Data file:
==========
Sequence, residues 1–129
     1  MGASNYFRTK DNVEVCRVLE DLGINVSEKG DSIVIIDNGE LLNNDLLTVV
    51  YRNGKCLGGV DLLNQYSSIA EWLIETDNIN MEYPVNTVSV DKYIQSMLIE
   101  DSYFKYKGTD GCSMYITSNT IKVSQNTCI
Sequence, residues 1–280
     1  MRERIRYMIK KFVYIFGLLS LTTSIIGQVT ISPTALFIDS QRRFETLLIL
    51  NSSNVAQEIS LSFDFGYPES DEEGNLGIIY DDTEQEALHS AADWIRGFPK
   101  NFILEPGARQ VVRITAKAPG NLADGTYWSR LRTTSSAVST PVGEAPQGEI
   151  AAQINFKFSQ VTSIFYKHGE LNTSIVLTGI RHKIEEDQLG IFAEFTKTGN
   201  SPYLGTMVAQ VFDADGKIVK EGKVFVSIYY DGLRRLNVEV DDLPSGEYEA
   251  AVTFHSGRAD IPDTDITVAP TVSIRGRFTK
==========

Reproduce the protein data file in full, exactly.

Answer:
Sequence, residues 1–129
     1  MGASNYFRTK DNVEVCRVLE DLGINVSEKG DSIVIIDNGE LLNNDLLTVV
    51  YRNGKCLGGV DLLNQYSSIA EWLIETDNIN MEYPVNTVSV DKYIQSMLIE
   101  DSYFKYKGTD GCSMYITSNT IKVSQNTCI
Sequence, residues 1–280
     1  MRERIRYMIK KFVYIFGLLS LTTSIIGQVT ISPTALFIDS QRRFETLLIL
    51  NSSNVAQEIS LSFDFGYPES DEEGNLGIIY DDTEQEALHS AADWIRGFPK
   101  NFILEPGARQ VVRITAKAPG NLADGTYWSR LRTTSSAVST PVGEAPQGEI
   151  AAQINFKFSQ VTSIFYKHGE LNTSIVLTGI RHKIEEDQLG IFAEFTKTGN
   201  SPYLGTMVAQ VFDADGKIVK EGKVFVSIYY DGLRRLNVEV DDLPSGEYEA
   251  AVTFHSGRAD IPDTDITVAP TVSIRGRFTK